Nadja what is the situation with Spain’s pharmaceutical sector? Do you Spain have a robust pharmaceutical sector? Or does that they sourced that from other EU countries? I’m just thinking in terms of, you know, that kind of public health. We could also consider critical infrastructure, I would say, right, in terms of making sure that they have critical inputs for things like a COVID vaccine. You know, what is what Spain’s situation that regard?
Nadja Vietz 22:39
That would clearly be one of the cases where prior authorizations required, no doubt about it. The pharma industry is, particularly in Barcelona, we have some very strong pharma companies, and I don’t think we have a vaccine ready yet? I’m quite not sure right now. But of course, investments in these areas will be strictly controlled, for sure. Yes.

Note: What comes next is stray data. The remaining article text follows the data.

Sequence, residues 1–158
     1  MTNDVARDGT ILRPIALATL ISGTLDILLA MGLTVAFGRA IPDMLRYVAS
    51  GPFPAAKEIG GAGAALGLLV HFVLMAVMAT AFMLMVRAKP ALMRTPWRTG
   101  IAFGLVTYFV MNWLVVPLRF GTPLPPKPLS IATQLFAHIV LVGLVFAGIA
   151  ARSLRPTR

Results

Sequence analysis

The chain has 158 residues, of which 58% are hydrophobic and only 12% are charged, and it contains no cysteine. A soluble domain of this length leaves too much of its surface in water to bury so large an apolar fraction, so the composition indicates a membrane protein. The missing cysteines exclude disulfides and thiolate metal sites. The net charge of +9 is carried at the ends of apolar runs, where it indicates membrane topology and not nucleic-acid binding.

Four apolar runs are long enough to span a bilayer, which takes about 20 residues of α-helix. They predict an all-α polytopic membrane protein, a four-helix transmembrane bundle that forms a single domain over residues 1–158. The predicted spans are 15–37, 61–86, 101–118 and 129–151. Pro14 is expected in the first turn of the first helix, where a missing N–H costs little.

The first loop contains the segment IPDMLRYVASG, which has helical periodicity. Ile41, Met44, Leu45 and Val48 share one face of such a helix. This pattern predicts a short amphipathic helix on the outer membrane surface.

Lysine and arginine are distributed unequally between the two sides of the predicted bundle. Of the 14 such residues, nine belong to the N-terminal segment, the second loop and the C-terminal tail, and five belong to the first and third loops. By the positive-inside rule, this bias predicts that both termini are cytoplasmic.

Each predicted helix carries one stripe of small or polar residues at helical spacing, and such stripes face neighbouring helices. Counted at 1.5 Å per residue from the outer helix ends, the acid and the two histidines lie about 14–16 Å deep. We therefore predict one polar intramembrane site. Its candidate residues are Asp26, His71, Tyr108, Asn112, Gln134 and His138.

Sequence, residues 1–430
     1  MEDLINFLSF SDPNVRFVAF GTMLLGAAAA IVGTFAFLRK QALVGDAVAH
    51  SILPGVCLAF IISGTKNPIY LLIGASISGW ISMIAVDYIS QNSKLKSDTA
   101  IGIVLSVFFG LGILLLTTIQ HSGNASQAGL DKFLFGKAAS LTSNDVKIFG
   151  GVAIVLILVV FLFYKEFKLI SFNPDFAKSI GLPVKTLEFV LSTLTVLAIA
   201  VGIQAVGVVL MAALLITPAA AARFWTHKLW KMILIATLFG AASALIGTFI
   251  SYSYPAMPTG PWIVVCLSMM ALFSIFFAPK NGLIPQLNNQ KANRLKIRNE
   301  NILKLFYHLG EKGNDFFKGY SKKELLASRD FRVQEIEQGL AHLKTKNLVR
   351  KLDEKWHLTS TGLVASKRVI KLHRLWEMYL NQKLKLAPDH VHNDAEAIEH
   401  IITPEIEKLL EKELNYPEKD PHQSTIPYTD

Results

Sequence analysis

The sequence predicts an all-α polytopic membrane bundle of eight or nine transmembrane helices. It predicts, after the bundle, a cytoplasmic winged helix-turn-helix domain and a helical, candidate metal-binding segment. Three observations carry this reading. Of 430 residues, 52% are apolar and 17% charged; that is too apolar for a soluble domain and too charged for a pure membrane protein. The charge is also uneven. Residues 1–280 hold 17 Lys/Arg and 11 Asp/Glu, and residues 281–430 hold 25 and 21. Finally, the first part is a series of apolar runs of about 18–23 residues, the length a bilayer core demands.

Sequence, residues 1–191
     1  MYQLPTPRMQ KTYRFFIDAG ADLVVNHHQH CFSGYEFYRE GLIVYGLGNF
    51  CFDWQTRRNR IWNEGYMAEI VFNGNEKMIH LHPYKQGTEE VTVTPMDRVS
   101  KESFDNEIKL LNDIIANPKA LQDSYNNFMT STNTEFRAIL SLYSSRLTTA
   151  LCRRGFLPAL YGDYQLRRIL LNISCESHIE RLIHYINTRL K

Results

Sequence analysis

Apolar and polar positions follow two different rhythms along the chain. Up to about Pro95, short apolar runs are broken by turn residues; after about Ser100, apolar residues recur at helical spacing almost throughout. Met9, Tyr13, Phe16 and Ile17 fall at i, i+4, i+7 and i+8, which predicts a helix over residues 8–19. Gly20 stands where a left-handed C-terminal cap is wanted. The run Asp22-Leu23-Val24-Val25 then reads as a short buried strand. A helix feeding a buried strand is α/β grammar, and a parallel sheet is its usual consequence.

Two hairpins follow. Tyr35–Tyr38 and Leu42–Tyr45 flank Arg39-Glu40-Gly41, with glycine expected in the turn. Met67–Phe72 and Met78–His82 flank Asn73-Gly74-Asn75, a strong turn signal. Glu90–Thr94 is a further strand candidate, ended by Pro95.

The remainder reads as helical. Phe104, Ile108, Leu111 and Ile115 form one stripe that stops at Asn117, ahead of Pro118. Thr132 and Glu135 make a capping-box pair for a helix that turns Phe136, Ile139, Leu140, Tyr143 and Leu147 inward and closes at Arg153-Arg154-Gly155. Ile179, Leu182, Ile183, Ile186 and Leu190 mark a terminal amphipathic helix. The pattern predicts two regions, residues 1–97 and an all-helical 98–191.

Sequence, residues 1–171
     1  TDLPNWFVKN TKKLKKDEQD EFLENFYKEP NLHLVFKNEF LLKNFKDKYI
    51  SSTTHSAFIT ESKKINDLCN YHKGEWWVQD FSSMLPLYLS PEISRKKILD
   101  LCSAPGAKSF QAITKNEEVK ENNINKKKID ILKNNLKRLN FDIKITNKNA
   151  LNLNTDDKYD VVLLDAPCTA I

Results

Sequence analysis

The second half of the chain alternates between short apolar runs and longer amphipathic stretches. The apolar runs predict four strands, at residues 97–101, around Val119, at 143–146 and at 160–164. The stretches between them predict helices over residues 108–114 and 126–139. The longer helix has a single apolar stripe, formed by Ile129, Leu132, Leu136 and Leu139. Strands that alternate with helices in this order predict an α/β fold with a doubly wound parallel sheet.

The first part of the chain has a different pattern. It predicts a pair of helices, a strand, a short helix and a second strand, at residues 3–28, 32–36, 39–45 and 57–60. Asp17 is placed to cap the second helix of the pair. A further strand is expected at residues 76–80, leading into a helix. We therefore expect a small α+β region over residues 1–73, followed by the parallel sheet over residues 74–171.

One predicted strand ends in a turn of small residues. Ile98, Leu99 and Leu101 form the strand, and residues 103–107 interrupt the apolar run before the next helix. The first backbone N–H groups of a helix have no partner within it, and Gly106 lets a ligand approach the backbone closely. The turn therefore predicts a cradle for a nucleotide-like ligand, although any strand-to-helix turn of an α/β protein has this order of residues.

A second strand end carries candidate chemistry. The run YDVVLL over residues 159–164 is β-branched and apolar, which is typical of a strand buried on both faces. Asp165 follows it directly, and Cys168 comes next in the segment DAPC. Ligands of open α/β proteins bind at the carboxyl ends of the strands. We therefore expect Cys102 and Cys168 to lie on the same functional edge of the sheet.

Jonathan Bench 23:07
So then, are there other areas that would be completely restricted or very, very tightly restricted compared to just kind of moderate government scrutiny over investments in those areas?
Nadja Vietz 23:17
Yes, there are some investments that will always require strict scrutiny, that those are investments coming from certain investors, as I mentioned before, that are controlled by governments or third parties that have been invested on involved in security, public health or public policy now that EU member states or if they are subject to judicial or administrative proceedings for engaging in criminal activities. So if the investment falls into these categories, and there’s strict scrutiny that there will always require previous prior authorization, but otherwise, the the objective of the government was just to moderate and just to control but it is not to prevent investment, not at all.
Fred Rocafort 24:05
So how does the authorization procedure work?
Nadja Vietz 24:09